Diapers, Dumpsters, and Making Merry

Christopher Posch Features

WILMINGTON, Del.-“I crossed the border with a small group,” shared Pedro Reyes. “One mother had a baby girl. We heard that there had been many robbers along the way, so we put all our money in the baby’s diaper, certain that thieves would never think of looking there. Thank God, we made it safely.”

More than 600 diverse people attended a bilingual ecumenical service at Corpus Christi Church in Elsmere, Del., May 1, prayed for just immigration reform and listened to several testimonies. The event, sponsored by St. Paul’s Voces Sin Fronteras, was attended by friars Bill McIntrye, Chris Posch, and novicesErick Lopez and Paul O’Keeffe, as well as Franciscan volunteer Miguel Gutierrez.

“Now, I’m a legal immigrant,” continued Pedro of St. Catherine of Siena Church in Wilmington. “But not all my neighbors and cousins are… It’s not fair. We are workers. We have to be on call 24 hours a day. Thank God that the churches have helped us so much.” The assembly burst into applause.

“I came with dreams,” declared Alejandra, a Costa Rican native from St. Paul’s in Wilmington. “I arrived in Florida without family, money, and travel tickets. I didn’t eat for three days. I ate from a garbage dumpster and slept on the beach. A nice lady found me, woke me up, gave me her hand and offered help. I couldn’t believe it.”

“She let me stay the night, gave me two T-shirts and bus tickets to my destination, Delaware,” continued Alejandra. “When I left Florida, it was 70 degrees. When I arrived in Delaware, it was snowy and 26 degrees. I didn’t know what to do.”

Peruvian-born Paola described crossing borders in El Salvador, Honduras, Guatemala and Mexico at the tender age of 16. She said that there were so many people at the Guatemalan border that she fainted. She does not recall what happened.

“My family is very poor,” shared Paola, weeping. “I work hard and study hard. I send a lot of money home to my family.”

After eight years in Delaware, Paola is tormented. She has a boyfriend whom she loves dearly and would like to marry. But she wants to go home to Peru to visit her family first, but she’s afraid to risk crossing multiple borders again.

Tragically, such family disintegration has become commonplace, as was portrayed in a brief skit with an immigrant cast. A young mother with four small children bid them farewell with hugs and tears in order to come to the North. After 15 years of selfless sacrifice and excruciating labor, the mother returned to Mexico to discover that her very own young adult children didn’t recognize her. One teen declared, “You can’t be my mother.” Another coldly stated, “I don’t know you.” There was a collective gasp from the gathered assembly, many with jaws wide open and eyes welled with tears.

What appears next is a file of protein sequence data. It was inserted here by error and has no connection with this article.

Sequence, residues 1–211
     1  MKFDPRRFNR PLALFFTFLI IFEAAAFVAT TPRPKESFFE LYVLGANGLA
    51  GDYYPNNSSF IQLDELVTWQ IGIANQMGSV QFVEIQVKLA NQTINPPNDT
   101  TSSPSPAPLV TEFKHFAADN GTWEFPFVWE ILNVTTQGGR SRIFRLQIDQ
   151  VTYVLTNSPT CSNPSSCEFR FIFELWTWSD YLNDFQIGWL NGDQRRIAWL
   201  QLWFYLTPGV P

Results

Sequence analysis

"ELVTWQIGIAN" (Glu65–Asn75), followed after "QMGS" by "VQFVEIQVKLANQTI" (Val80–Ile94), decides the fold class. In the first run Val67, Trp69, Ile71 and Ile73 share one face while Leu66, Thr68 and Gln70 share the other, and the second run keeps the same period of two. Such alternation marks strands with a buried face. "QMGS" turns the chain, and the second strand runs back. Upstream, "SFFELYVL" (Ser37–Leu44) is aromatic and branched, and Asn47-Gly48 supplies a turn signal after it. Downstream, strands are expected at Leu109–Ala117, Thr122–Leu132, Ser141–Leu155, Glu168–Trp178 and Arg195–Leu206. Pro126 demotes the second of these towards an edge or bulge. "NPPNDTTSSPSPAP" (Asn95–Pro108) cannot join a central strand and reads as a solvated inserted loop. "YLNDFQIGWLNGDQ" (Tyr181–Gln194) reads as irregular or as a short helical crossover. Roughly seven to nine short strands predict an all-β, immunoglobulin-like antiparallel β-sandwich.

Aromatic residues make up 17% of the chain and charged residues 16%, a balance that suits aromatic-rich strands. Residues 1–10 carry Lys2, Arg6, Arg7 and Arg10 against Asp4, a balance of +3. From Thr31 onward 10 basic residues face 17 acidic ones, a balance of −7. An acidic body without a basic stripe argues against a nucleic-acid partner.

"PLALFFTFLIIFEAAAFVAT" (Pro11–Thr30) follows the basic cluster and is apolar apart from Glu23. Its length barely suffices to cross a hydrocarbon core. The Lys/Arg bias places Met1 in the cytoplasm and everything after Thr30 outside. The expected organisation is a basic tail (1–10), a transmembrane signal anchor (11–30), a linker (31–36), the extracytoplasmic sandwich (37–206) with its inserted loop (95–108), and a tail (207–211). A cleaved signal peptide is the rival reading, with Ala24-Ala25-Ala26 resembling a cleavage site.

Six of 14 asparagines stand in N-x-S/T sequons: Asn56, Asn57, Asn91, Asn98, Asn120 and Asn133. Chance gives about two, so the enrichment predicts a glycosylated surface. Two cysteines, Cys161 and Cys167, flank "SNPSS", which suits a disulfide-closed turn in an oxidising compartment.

At the conclusion of the moving drama, Alberto, a humble teenage laborer from St. John-Holy Angels, Newark, who just immigrated from Mexico last month, spoke for the first time in public: “Thank you for listening. Thank you for supporting us.”

Then, accompanied by her acoustic guitar, Miriam offered a stirring and heartfelt rendition Sumérjeme, gently singing, “Come to me, Lord. I’m tired from the long road. You’ve been with me in the desert I’ve crossed. I’ve fought like a warrior. Come to me, Lord. Holy Spirit, submerge me, bathe me, in your Living Water.”

In a light moment, Max Dooly recounted some history of the development of his congregation, Trinity Episcopal Church, Wilmington: In 1638, Native Americans welcomed and greeted his Swedish ancestors. With a twinkle in his eye, Max joyfully declared, “They didn’t ask for visas. They didn’t ask for passports. They didn’t ask for green cards.” The assembly burst into laughter and applause.

Later, Mexican-born José thanked Americans and churches for their welcome and orientation. He graciously acknowledged that immigrant purchases of homes and autos have helped to stimulate the U.S. economy. He reminded all that many of his fellow-immigrants have battled in World War II, Korea, Vietnam, and Iraq. An electrical engineer with a master’s degree from Mexico, José cleans office buildings.

After a moment of silent prayer for those who have died or suffered violence while crossing the border, Rev. Ruben Rodriguez from Trinity Episcopal and I led the assembly in a bilingual Our Father. Then, Rev. Thomas Stout of Elsmere Presbyterian Church blessed the assembly, and we began an outdoor candlelight procession. As hundreds of singing pilgrims walked peacefully along Kirkwood Highway praying and singing bilingually This Little Light of Mine with burning candles swaying to and fro, I couldn’t help but think of Moses’ people being set free from slavery in Egypt, searching for the promised land.

As we returned to Corpus Christi Church, the pastor, Father Greg Corrigan, greeted arriving pilgrims with open arms, declaring in English and Spanish, “Welcome. You have a home here. We are one body.”

People stayed in the Church entrance for about an hour, dancing, making merry, and enjoying the serenades of classic tunes such as Cielito Lindo; With Money, Without Money, and Cry and Cry with choirs from St. Catherine of Siena and Our Lady of Fatima, New Castle.

The photo accompanying this article was provided by Voces Sin Fronteras.